The United and US Airways return to the table to discuss a possible merger begs the question: is this a good or bad thing? I guess the answer depends on who you ask. From the perspective of the shareholder / investor, it has to be a better deal. From the perspective of the traveler, it may not be a better deal. It may mean higher prices when there is one less major player to beat up on the others.
The airlines have had a dismal record when it comes to profitability, regardless of what part of their history you examine. They make money some years, but lose it in other years; so, for the most part, they have lost in the aggregate.
The airlines must find a balance between the traveling public’s demand for better service at lower ticket prices (how does that work?) and their own need to make a profit for their shareholders. Where is the winning solution there? And we haven’t even taken the employees and unions into account. What about them? Nothing seems to happen without their approval.
I am not sure that anyone can find the winning solution or the right mix with any certainty. Most likely, you will get as many different answers as the number of different interest groups you ask. Everyone has an agenda and none of them seem to align.
An article published by Gannett on April 12 says the following:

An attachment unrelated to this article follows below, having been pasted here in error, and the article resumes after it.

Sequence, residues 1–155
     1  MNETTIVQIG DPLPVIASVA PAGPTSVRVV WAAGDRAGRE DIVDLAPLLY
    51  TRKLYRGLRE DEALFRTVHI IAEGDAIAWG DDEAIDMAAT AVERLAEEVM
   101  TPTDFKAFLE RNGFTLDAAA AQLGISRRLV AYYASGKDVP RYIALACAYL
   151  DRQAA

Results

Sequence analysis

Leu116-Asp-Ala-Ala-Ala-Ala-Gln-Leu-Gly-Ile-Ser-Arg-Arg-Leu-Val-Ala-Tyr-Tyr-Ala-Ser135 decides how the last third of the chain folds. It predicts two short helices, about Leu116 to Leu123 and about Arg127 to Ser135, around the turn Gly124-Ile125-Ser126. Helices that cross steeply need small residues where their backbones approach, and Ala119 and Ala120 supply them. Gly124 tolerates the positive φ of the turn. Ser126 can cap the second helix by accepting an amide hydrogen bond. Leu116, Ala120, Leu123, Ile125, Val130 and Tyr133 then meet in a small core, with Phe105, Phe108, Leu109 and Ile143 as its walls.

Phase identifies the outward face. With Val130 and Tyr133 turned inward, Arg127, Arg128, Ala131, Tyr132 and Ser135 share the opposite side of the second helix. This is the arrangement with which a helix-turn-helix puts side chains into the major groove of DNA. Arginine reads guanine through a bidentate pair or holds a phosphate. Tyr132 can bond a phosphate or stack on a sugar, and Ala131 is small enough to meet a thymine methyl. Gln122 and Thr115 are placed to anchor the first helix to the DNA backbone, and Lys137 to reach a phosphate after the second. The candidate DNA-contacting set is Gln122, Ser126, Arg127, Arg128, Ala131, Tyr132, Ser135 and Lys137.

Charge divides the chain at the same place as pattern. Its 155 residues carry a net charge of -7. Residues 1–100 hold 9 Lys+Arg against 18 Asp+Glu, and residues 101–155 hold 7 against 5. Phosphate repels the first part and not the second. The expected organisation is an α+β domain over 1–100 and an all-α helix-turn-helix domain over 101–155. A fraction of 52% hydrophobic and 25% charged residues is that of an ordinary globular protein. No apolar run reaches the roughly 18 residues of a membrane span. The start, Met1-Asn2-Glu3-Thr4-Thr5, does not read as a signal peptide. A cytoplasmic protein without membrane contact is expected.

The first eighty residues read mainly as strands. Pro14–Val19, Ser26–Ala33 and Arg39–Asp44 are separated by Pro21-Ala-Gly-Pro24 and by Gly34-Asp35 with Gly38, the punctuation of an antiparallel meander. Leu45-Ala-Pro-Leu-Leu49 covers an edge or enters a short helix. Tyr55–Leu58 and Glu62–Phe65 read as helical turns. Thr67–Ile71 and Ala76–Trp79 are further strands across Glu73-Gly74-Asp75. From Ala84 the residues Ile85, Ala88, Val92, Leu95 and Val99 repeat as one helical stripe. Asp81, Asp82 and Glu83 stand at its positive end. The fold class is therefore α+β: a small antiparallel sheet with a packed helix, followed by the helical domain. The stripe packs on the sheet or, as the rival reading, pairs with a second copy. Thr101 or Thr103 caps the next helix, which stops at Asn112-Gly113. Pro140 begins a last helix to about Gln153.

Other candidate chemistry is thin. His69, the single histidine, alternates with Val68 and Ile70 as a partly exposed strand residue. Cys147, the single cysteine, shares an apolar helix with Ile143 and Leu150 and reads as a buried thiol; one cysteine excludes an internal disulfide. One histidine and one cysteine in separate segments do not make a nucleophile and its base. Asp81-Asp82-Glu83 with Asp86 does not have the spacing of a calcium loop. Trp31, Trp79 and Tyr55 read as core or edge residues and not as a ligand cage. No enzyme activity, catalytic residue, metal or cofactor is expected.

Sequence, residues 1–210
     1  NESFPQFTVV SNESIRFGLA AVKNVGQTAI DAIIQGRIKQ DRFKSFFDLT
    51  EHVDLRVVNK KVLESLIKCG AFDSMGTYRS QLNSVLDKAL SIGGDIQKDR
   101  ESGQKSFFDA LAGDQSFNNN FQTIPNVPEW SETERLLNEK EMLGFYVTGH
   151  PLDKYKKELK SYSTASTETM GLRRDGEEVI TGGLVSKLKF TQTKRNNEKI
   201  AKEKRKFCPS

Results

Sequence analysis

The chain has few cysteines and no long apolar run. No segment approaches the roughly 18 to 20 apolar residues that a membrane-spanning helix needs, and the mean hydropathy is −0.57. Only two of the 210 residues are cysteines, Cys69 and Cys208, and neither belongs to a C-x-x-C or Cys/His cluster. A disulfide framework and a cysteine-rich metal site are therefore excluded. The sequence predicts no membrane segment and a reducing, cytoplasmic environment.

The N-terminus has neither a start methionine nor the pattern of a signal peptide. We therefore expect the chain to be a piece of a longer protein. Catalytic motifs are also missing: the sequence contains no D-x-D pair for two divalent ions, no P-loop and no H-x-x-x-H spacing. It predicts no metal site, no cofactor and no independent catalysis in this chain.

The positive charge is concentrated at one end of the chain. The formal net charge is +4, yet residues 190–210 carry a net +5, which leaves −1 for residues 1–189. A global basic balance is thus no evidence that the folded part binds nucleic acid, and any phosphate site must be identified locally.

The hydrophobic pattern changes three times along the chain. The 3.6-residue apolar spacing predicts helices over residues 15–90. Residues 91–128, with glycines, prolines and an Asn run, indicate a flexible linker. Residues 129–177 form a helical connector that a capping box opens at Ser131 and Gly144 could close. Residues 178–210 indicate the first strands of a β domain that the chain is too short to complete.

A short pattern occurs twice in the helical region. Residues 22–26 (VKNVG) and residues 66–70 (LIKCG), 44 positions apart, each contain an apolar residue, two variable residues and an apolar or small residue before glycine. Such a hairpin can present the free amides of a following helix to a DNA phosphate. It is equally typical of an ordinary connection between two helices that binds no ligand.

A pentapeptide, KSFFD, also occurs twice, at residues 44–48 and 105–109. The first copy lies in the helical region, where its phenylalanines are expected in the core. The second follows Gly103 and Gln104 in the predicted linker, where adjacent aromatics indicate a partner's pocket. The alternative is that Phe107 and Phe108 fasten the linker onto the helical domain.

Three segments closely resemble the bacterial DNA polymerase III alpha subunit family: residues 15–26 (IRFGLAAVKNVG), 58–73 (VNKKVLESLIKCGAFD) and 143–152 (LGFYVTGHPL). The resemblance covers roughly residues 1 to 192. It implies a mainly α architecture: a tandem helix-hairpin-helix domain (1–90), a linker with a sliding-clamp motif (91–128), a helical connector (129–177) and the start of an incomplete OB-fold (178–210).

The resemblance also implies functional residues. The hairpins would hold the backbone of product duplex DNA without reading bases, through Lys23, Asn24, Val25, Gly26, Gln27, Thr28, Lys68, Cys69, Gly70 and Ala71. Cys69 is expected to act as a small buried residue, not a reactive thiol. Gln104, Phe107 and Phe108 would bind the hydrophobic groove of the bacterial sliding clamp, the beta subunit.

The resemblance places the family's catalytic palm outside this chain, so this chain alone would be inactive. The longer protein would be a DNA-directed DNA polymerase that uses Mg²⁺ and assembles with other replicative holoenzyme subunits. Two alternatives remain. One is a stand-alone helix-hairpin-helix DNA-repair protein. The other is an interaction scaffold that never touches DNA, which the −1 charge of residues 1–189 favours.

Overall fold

Consolidation is appealing to many in the U.S. industry and to investors who have witnessed the erosion of traffic for old-line, legacy airlines such as United and US Airways at the hands of discounters.
But analysts say those issues could pose less of a stumbling block than they did just a decade ago, when United and US Airways first talked of combining.
Today, there are more discount airlines with stronger market shares, which could offset higher fares for travelers and offset regulators’ concerns about a lack of competition.
A merger would create a giant, second only to Delta. United is the No. 3 U.S. carrier in passenger miles flown. US Airways is No. 6.
Globally, the pair flew a consolidated 158.4 billion revenue passenger miles in 2009 compared with the 163.7 billion flown by Delta.
Even experts, such as Hoffer, who are skeptical about benefits to travelers from airline consolidation say consumers won’t necessarily be doomed to paying significantly higher prices if the U.S. airline industry shrink to just three or four conventional carriers.
“The history of this industry always has been that of new entrants coming into markets where they saw opportunities,” Hoffer said.
“The airline business is like the restaurant business,” he said. “Every decent chef thinks he can run a restaurant, and every decently rich man thinks he can run an airline. So they keep buying or launching new restaurants and new airlines. Most of them don’t succeed, but it helps to keep prices down, at least for a while.”
So when all else fails, how about letting a free market decide?
If the merger provides a stronger company, maybe they will be a better competitor in the worldwide market where US airlines struggle? Without profit, business cannot reinvest and compete; so, we have to remember that profit is not a dirty word in the airline industry or in any other.